Dogged by life
The stories take place in donut shops, nightclubs, shabby rooms. Everybody is dogged by something, or somebody, and yet, somehow, they are no sadder than any of us.
Dogged by life
Short stories of lost souls struggling for a shred of dignity
Book Review of Dead Boys by Richard Lange
By Dell Franklin
Having never reviewed a book, but being an avid reader, I can pretty much tell what is bullshit and what is not. Reviews I read in major publications are usually of celebrity memoirs, political biography, self-help-faux-spiritual gobbledygook, retired White House tell-alls, or novels by those who publish one formula potboiler after another. From time to time an important critic joyfully praises the true artistes, though to me there are very few nuggets to be discovered amid the onslaught of unreadable garbage.
I want to be inspired. I want to be moved emotionally and challenged mentally. I want the truth. I want a distinctive new voice, a unique per-spective, an original style, I want something that sizzles, so that I slam the book down and exclaim: “Damn, this is it, this is the real thing, this is what I try to hunt down in book stores!”
And so I found it in “Dead Boy,” a book of 12 short stories by a graduate of nearby Morro Bay High school, Richard Lange. A writer who has toiled for the little publications read only by college students and creative writing professors and few others, and who finally landed a book deal with Little, Brown and Company.
There is, to Lange’s stories, a Steinbeckian devotion to ordinary every day people caught up in the substratum toil, but in a different time and besieged by different problems. Raymond Carver, the American Chekhov, did this, and it is he to whom Lange is compared, though he works in a different playground of the disenfranchised and self-estranged, the drug- and alcohol-riven, those rejected in romance, marriage, workplace, career, until everything has gone sour, or is going sour, and the remnants of these desolate and broken plights cry out and struggle for reclamation.
A meth head, caught up in the humdrum of helping a friend move a whacked-out speed freak named Deedee to a new apartment, stands atop the apartment building where tweakers are drinking and turning the event into a sordid, perverted costume party, and looks out at L.A.
“The sky out this way is a map of hell—blood and fire and gristly bruised clouds. I stare at it until I think I have it memorized, then lower my eyes to an open window in the next building, through which I can see a fat man lying on his couch, watching television. There is an empty birdcage in the apartment, a treadmill. He scratches his belly and coughs. These lives, these lives.”
Throughout the above story (“Blind-Made Products”), he broods over a beautiful blind girl he loved but failed and is consumed by guilt and possibly self-loathing as he goes on a meth tear of monumental pro-portions, but from which he knows he will recover, and try again.
All the stories are situated in Southern California, and mostly in L.A. and Hollywood. The stench of atmosphere rivals that wrought by Raymond Chandler’s detective novels. One can feel the tension, the oppression of Santa Ana winds, smog, traffic, cloying anomaly and insanity closing in on all sides, squeezing the characters, who are, in most cases, outcasts, rejects, lost souls, ostracized from family, floating around out there. They are trying to forget, and can’t stop forgetting. A bank robber. Security guard in a mini mart. Salesman with a wife who travels and is cheating on him and who worries about a fellow worker committing suicide. A single mother who falls for a guy who delivers her fake ashes in a fake vase of her estranged father, a Vietnam vet who was a recovering alcoholic. (The real vase and ashes are stolen out of the trunk of his car while he sleeps off a drunk).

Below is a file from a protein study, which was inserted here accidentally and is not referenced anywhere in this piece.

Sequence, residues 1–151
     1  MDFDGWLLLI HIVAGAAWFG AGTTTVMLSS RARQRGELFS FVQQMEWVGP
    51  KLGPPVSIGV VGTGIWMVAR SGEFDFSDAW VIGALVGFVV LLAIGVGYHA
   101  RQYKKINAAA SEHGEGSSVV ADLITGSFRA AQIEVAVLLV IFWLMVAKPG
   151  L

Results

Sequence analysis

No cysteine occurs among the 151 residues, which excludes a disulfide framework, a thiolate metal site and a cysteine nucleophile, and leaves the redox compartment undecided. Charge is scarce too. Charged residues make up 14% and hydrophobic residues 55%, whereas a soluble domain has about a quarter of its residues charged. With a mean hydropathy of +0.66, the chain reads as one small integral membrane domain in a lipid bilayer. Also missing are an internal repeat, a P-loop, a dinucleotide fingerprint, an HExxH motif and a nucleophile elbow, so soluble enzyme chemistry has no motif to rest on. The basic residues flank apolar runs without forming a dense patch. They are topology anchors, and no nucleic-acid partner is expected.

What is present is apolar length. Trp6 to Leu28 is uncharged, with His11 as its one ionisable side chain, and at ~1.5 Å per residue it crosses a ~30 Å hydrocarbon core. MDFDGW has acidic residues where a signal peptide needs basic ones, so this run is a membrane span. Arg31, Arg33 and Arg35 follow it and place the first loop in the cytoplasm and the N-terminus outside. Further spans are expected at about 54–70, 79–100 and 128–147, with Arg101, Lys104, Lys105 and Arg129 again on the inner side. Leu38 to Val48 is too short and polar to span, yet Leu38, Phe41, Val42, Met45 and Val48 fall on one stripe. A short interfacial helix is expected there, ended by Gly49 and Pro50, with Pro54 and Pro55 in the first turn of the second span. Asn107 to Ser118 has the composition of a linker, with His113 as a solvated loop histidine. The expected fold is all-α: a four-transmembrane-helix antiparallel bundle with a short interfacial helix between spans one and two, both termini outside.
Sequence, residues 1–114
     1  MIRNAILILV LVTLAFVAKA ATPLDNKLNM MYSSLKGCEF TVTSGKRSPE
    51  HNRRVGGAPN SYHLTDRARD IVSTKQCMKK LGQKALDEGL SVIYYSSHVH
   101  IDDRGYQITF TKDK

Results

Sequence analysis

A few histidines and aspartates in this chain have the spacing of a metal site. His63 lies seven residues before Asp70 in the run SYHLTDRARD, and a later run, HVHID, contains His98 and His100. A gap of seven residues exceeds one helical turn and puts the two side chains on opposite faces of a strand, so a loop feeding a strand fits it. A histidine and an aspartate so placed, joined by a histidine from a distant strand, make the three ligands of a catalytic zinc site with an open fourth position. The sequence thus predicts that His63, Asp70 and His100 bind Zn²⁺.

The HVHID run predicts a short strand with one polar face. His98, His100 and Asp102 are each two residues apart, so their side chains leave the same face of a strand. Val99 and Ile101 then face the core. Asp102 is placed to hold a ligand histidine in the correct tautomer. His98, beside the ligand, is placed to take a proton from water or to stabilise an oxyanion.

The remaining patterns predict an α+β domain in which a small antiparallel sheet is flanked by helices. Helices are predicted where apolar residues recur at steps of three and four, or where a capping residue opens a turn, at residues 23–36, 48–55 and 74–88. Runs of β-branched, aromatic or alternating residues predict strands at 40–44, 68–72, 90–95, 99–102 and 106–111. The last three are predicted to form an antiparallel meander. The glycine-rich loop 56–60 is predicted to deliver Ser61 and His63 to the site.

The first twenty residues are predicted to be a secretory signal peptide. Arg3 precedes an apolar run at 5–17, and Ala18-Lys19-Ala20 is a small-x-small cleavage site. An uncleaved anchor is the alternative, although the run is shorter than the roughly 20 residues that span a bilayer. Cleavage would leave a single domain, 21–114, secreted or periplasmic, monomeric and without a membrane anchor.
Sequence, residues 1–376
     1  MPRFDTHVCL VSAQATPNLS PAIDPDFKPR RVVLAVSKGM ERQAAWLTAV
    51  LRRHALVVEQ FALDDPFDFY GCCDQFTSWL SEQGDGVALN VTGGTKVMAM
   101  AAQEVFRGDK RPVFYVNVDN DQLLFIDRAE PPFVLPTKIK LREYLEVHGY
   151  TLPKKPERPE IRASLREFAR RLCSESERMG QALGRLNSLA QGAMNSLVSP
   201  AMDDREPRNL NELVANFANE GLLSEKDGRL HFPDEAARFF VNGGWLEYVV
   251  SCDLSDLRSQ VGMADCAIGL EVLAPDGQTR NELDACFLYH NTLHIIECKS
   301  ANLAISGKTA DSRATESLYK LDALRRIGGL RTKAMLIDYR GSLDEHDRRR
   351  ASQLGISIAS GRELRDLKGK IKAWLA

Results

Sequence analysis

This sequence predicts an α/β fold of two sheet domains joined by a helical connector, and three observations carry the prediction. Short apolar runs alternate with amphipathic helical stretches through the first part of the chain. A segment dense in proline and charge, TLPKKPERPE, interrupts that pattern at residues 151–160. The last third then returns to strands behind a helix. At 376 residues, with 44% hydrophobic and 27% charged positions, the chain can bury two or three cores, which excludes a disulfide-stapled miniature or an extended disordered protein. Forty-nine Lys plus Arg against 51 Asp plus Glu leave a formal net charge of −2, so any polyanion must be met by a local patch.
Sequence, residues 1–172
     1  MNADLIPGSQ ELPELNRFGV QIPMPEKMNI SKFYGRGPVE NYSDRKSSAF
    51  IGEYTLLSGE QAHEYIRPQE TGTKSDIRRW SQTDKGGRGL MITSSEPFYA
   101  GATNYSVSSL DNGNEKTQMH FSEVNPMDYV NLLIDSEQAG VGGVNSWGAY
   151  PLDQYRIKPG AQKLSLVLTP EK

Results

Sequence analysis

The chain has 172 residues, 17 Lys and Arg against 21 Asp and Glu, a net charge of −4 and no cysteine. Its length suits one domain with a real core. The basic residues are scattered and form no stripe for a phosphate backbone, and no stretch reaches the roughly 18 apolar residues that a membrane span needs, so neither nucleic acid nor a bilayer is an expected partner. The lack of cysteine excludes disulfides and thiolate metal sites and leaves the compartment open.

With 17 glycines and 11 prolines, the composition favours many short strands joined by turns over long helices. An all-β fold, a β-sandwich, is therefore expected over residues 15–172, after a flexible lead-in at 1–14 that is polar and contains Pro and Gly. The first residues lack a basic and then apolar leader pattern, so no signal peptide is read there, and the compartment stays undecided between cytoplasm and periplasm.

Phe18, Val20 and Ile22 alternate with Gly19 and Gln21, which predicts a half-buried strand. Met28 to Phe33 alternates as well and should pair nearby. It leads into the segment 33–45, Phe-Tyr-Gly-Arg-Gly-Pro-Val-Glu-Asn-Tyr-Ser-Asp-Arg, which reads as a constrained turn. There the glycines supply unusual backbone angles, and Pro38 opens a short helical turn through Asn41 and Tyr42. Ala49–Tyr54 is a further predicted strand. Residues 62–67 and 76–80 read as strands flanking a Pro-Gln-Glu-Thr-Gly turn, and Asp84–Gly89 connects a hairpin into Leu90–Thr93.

The stories take place in donut shops, nightclubs, shabby rooms. Everybody is dogged by something, or somebody, and yet, somehow, they are no sadder than any of us, really. They are people we see every day, but refuse to acknowledge, like the homeless, because it is too painful, and perhaps they will remind us of ourselves.
At the start of “Loss Prevention” there is this: “Every junkie I’ve ever known has had a thing for Neil Young. Be he a punk, a metal head, or just your garden variety handlebar-mustachioed dirtbag, if he hauls around a monkey, he’s going to have DECADE in his collection, and he’s bound to ruin more than a few parties by insisting that you play at least some of it, no matter that the prettiest girl in the room is begging for something she can dance to. Even if he gets off dope he sticks with Neil, because by then Neil’s become the soundtrack to his outlaw past. Let him hear “Old Man” or “Sugar Mountain,” years after the fact, and everything in him will hum like a just-struck tuning fork as mind and body and blood harmonize in mutual longing for a time when desire was an easy itch to scratch.”
Writing like this is in all these involving stories that cannot possibly be the work of only the imagination, but of living on the streets, and Lange has captured it to the last detail, making us care about people most of us would declare as undeserving.
My final word, as publisher of the Rogue Voice, is that if you like us, and like rogues, you will love “Dead Boys.” A perfect holiday gift for the reading rogue. §
Dell Franklin is publisher of The Rogue Voice. He can be reached at firstname.lastname@example.org.